Jeb Bush running for president in 2016 – former White House communications director

Former Governor Jeb Bush (R-FL) (Reuters/Jonathan Ernst)
Former Florida Gov. Jeb Bush is running for the presidency in 2016, the former communications director for George W. Bush told an entertainment news show called ‘The Insider’. However, Jeb Bush’s office maintained that no decision has yet been made.

Nicole Wallace, who served as the White House Communications Director under George W. Bush, made the comments while speaking with The Insider’s Debbie Matenopoulos. The current co-host of “The View” praised Jeb Bush and said he would seek the 2016 Republican nomination.

“I'm so excited that Jeb Bush is running,” said Wallace, 43. “I worked for him when I was 25. He really sort of shaped my views of what a conservative can be and is, and the problems they can solve and how they can solve them differently.”

She went on to say that she hopes Bush goes on to win the presidency.

“I hope he's successful. I hope he wins the nomination. I hope he wins the White House. But I'm going to cheer for him from here.”

While many have assumed that Bush will run for president, he has not officially jumped into the fray. He announced in December that he is “actively exploring” a presidential run.

Following Wallace’s comments, Bush’s office told The Insider that “he has not made a decision” yet.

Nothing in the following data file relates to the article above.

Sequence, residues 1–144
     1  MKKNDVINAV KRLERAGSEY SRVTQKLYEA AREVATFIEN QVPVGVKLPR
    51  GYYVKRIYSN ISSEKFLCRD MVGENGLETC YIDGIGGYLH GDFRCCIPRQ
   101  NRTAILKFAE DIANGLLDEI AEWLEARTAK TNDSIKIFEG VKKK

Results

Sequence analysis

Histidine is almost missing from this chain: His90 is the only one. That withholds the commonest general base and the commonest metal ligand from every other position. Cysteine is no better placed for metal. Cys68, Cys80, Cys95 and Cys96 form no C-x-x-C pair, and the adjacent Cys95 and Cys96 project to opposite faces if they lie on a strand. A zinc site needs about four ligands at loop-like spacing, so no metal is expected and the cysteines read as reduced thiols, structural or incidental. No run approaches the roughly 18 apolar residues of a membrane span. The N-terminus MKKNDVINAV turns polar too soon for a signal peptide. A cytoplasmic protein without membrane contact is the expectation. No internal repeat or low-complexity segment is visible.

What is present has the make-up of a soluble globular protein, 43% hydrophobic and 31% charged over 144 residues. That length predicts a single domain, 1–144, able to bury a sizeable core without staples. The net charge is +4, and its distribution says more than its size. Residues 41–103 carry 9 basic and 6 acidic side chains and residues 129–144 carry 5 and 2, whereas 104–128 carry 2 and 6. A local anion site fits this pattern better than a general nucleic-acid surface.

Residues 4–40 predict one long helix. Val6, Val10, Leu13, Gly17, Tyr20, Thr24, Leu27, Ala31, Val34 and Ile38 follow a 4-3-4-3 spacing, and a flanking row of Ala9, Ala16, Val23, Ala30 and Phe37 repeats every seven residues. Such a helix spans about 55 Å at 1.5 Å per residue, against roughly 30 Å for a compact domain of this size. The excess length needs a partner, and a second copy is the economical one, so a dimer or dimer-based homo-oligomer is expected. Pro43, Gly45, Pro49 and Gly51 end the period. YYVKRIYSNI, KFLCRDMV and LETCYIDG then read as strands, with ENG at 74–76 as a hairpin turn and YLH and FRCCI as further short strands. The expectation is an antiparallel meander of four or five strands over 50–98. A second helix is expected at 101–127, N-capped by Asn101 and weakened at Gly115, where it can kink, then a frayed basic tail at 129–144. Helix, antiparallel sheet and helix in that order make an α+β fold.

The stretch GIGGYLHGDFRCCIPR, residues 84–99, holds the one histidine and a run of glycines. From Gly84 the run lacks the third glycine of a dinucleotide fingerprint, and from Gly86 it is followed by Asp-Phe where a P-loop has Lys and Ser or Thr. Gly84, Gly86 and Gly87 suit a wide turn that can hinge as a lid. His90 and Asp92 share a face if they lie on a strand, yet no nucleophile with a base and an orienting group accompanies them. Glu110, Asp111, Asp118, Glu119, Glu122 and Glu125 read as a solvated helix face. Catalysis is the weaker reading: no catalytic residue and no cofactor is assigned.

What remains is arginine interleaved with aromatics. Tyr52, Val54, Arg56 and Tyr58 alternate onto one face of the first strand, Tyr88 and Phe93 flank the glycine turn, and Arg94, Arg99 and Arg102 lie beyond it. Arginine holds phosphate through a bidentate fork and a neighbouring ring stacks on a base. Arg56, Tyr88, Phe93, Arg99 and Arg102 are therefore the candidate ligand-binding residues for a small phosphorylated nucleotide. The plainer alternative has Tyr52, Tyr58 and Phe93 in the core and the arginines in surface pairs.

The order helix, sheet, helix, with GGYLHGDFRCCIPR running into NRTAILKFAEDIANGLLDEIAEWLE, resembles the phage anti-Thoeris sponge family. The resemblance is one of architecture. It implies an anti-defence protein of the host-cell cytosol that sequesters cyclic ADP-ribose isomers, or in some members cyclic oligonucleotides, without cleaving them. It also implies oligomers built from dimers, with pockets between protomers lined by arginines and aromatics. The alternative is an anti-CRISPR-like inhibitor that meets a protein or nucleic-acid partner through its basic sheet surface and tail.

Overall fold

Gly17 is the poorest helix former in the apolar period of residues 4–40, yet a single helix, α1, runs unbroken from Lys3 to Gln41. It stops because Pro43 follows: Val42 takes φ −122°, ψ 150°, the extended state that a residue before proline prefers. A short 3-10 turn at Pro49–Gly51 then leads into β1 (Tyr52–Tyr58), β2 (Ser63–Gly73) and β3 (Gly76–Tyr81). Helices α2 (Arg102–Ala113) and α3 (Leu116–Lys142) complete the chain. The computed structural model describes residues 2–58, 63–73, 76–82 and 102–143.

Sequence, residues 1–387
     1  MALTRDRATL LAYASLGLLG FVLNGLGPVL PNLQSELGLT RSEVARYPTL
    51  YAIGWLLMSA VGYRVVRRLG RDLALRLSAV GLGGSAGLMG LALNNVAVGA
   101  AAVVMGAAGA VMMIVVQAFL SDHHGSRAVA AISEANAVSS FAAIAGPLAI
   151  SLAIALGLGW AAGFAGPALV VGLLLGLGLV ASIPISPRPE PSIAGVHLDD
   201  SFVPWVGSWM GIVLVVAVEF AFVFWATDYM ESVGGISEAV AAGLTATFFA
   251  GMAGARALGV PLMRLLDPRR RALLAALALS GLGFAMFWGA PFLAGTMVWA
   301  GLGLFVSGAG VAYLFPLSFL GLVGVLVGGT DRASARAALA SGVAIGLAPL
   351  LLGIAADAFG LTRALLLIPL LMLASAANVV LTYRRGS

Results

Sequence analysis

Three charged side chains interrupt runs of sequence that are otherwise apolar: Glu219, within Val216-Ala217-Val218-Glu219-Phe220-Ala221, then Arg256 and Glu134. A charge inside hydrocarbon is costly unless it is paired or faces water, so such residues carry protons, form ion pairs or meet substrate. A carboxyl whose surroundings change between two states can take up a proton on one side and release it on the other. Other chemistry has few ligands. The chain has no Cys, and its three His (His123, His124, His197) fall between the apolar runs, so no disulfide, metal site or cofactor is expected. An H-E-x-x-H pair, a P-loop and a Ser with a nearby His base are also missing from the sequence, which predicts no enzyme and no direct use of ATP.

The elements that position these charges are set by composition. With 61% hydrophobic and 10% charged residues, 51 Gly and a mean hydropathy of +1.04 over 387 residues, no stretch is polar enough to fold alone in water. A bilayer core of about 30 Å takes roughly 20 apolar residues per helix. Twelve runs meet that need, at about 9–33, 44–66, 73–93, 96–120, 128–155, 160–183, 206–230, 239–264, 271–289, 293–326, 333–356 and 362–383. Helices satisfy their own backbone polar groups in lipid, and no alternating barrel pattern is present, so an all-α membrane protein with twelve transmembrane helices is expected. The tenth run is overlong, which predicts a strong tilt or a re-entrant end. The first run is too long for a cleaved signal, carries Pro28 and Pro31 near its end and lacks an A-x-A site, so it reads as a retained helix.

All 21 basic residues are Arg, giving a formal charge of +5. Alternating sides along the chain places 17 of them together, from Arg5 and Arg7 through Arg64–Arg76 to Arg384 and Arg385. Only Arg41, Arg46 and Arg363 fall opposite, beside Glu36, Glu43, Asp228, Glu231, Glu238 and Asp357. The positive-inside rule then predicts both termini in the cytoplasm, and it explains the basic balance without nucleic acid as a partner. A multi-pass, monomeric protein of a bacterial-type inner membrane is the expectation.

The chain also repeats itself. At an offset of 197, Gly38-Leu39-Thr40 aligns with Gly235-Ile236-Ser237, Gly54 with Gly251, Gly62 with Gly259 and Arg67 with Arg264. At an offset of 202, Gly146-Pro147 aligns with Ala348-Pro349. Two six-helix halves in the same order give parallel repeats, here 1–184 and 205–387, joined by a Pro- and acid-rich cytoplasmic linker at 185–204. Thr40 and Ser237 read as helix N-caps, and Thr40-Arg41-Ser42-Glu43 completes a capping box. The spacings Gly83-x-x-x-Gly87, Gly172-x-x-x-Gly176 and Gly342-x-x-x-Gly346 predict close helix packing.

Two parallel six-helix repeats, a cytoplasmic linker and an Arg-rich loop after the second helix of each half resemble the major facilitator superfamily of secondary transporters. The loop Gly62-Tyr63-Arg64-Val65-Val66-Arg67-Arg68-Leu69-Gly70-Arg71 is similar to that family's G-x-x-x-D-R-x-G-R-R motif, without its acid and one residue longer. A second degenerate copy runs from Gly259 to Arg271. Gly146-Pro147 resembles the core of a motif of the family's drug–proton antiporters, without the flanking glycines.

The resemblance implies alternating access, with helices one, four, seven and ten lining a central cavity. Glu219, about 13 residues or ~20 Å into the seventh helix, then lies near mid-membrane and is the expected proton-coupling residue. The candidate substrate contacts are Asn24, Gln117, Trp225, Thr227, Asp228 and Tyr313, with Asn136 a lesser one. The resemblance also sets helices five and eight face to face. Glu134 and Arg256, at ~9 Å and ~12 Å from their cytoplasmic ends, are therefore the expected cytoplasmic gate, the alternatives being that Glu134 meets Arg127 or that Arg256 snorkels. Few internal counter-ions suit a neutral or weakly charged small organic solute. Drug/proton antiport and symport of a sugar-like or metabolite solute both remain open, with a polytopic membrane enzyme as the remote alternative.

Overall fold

If Bush decides to officially run, he will join several others who’ve already tossed their hats into the ring. Tea Party favorite Ted Cruz, a senator from Texas, has already declared, as have Sens. Marco Rubio (also from Florida) and Rand Paul (Ky.).

Bush is seen as a moderate Republican who will likely face opposition from more conservative elements of the party. His positions on illegal immigration, among other issues, have helped him make inroads with the party’s establishment wing. He has offered support for allowing some undocumented immigrants to remain in the US.

During his term as Florida’s governor, he increased state government spending in Florida, a position that put him at odds with the Tea Party Movement that has taken root in the GOP. He also supports the federal Common Core education standards put in place by the Obama administration.

Politically, he also disagrees with his Catholic faith, especially with regards to the use of capital punishment. During his tenure as governor, Florida executed 21 prisoners, the most in the state since the death penalty was reinstated in 1976.